You know how I like to pair up my reviews and find a link between them … well, this first one was going to be a tricky task to pair with anything until I get to some more political biography in a few weeks’ time. But then I realised that both of these books go UNDERNEATH – a dissection of what goes on behind (or under) Blair’s smile, and a book about the London Underground! Phew – the pairs theme is saved. Maybe. Anyway, two very interesting recent reads for you here …
Leo Abse – “The Man Behind the Smile: Tony Blair and the Politics of Perversion”
(27 May 2013 – University of Birmingham)
Matthew spotted this book being given away by an academic who was leaving his department, and remembered that I’d previously read the author’s “Margaret, Daughter of Beatrice“, picking over Mrs Thatcher through the medium of Freudian analysis. This is another of Abse’s political/psychological unpickings, in which he delves into Tony Blair’s immediate family and his own activities, contrasting the true charisma of Gaitskell and Bevan’s hermaphroditism with Blair’s avoidant and consensus-seeking androgyny (just reporting what it says: don’t blame the reviewer!).
Lots about Blair’s immaturity, especially in the sexual sphere (perversion in this case being an avoidance of the mature relationship and obsession with some part of life, in his case returning to the womb through the vehicle of the rock guitar, his perennial placenta) (no, not making this up – the book’s available if you want to read it and check!). This is shown through the lens of his love of rock music into his 40s (shocker!) with mention of the womb-returning desires of Nirvana et al. providing a rather odd interlude in this book about politics).
It is interesting for the fact that Abse was wary of and critical of New Labour and Blair in particular (oh yes, there’s a fair bit about sibling rivalry and Gordon Brown, too), writing this in 1997, before most people got wary and critical. It goes off on fewer tangents than the Thatcher book, and is of interest, if not a keeper.
Andrew Martin – “Underground Overground”
(03 July 2013 – from Verity)
Accompanying the Boot Camp novel in a lovely parcel from my friend Verity, this was a sure-fire winner, and it’s another reason why I don’t do any best-of lists until the very end of the year! (This is also one of the reasons that I knew my Virago Group parcel was from the same person, as it included a book heavily quoted in this one!)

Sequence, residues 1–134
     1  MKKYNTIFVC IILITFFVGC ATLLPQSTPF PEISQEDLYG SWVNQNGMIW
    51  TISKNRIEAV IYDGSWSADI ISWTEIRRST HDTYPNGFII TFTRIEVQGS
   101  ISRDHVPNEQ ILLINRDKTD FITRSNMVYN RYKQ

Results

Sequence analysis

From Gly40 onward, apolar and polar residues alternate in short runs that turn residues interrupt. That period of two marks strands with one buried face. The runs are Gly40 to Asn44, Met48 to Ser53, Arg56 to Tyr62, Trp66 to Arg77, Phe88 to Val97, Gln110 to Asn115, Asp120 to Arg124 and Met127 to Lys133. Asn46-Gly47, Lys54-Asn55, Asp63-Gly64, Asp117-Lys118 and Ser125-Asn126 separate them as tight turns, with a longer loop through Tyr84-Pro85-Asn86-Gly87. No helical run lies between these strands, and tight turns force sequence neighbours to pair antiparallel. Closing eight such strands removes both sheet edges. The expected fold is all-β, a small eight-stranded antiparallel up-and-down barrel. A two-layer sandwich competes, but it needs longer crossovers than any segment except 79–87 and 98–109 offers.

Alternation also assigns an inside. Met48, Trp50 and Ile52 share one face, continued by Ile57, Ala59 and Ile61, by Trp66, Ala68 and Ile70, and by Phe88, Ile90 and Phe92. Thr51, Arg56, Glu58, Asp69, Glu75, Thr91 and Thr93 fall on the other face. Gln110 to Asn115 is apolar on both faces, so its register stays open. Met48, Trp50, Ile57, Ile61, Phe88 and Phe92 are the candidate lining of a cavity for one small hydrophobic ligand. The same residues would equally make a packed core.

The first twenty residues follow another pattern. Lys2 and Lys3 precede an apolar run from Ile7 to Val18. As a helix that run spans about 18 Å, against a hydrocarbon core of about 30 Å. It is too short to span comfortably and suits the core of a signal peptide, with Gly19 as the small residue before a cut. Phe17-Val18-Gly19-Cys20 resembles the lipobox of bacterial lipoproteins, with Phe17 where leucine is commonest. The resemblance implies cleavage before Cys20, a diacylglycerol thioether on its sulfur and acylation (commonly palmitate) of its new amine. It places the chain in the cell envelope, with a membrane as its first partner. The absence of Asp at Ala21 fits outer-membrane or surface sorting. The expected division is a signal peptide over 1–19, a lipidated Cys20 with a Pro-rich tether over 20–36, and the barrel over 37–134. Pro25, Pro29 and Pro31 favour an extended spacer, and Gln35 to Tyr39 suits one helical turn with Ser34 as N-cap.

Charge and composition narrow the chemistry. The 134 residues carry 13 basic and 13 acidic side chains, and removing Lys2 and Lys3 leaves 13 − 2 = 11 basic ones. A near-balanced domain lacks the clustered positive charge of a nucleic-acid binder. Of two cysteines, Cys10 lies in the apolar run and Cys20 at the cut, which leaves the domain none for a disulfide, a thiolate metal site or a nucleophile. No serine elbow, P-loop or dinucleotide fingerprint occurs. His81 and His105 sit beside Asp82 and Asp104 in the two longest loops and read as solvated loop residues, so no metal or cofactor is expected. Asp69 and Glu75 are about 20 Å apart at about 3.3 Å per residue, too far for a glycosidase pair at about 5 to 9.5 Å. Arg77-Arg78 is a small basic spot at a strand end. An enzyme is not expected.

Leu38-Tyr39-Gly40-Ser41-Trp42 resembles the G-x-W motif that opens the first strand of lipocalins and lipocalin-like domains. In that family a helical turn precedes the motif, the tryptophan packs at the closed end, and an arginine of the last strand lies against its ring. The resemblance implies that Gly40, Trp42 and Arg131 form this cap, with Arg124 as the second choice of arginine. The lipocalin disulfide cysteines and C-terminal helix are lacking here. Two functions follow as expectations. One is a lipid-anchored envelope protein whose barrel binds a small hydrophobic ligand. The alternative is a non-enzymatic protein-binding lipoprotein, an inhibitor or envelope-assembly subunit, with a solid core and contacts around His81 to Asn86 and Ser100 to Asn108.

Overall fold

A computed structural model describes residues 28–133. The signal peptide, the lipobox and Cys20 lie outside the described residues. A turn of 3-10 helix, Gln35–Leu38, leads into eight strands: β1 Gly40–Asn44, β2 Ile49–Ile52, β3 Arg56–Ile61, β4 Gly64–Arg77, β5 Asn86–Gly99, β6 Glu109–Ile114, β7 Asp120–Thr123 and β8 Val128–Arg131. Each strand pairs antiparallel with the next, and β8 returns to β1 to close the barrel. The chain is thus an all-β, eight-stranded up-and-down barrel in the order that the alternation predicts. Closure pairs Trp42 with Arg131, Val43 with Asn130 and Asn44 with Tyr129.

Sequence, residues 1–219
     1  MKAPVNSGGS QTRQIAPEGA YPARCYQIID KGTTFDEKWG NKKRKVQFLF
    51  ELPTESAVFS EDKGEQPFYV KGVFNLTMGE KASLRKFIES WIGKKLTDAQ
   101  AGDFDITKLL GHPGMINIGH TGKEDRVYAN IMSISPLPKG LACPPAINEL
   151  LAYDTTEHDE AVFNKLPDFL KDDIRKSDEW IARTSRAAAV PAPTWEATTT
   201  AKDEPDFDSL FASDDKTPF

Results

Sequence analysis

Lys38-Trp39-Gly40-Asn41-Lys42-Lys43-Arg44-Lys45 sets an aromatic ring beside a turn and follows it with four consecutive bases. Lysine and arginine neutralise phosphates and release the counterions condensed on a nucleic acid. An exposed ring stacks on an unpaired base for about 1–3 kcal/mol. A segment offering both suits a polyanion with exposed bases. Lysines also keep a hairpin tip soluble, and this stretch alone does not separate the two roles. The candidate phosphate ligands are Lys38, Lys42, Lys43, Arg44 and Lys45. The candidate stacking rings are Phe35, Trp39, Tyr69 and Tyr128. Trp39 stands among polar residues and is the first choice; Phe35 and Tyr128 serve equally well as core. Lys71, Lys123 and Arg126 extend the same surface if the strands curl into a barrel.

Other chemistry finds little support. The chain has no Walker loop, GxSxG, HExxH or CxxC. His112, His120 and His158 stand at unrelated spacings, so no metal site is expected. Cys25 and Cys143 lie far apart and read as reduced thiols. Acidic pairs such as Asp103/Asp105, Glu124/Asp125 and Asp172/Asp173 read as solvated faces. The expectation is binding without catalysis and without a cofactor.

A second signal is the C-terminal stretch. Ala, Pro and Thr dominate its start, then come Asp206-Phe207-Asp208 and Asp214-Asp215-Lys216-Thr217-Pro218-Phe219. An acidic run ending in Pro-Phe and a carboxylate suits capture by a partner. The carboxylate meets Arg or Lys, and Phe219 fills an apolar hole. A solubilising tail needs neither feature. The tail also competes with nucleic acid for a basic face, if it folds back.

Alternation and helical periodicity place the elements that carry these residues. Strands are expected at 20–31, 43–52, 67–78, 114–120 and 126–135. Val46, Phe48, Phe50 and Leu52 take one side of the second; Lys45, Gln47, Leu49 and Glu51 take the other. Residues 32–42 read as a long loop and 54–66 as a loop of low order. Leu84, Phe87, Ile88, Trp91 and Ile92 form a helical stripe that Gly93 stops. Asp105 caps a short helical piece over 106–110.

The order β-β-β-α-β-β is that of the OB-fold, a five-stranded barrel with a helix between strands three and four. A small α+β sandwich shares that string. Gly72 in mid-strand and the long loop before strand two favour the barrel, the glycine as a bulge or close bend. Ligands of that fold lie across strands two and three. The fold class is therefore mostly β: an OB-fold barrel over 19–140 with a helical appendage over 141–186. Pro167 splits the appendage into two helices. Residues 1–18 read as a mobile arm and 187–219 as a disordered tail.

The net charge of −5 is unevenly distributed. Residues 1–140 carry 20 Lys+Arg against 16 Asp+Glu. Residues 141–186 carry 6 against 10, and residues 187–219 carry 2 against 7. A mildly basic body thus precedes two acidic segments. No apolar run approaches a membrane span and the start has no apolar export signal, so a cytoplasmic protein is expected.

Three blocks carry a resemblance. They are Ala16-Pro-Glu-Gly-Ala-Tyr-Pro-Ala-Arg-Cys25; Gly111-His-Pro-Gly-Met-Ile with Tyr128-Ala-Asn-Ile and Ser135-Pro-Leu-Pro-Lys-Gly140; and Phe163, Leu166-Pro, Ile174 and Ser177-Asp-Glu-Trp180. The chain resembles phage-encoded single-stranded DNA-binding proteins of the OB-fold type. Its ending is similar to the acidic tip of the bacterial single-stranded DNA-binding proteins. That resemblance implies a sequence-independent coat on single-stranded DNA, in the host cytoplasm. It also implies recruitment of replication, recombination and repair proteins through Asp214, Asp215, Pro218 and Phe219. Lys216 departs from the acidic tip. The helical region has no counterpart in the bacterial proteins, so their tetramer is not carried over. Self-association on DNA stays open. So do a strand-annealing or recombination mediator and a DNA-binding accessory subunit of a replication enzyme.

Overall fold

Subtitled “A Passenger’s History of the Tube”, this is indeed that (or a driver’s, or a Londoner’s, or an out-of-Londoner’s – there’s pleasure to be found for every reader in this book), an unofficial history, using a range of official, formal and informal sources to build up a real labour of love, charting the history and experience of the London underground from its first inception, including extra information on administration, design and – of course – maps. It’s carefully researched and packed full of fascinating details – I must have driven M to distraction reading bits out to him at least once per few pages!
As an ex-Londoner, I appreciated the details about my ‘own’ lines (and this led to an interesting discussion, M being a Metropolitan, Bakerloo and Central Line chap where I was all about the Northern Line, East London Line, Jubilee and District: I don’t think I’ve been on the Bakerloo more than a handful of times in my whole life). I loved the details about why the tunnel from Moorgate towards Finsbury Park is extra wide, and why it’s so difficult to navigate from Tube to Overground at Finsbury Park, and why the East London Line splits to New Cross and New Cross Gate. But it’s all here, from the early days of the Metropolitan Line to the fancy new Victoria (I didn’t know that one was so recent) and Jubilee Lines, and various extensions that have waxed and waned over the decades.
Both entertaining and informative, the author’s enthusiasm for his subject shines through but is tempered by good historical work and close attention to his sources. The illustrations are good – although it could do with an actual Tube map (however, it’s not like these are hard to find – how many do you have at your fingertips in the average household?). And, well, a highlight of the year!
Currently reading – I’m finding it very hard to tear myself away from Patrick Hamilton’s “The Slaves of Solitude”, which reads like it could be a Virago or Persephone, actually, and planning to finish “Iris Murdoch: Texts and Contexts”, which I appear to have been reading for EVER … What are you reading in these lovely cosy end-days of the year, when there’s often more time for curling up and relaxing with a book?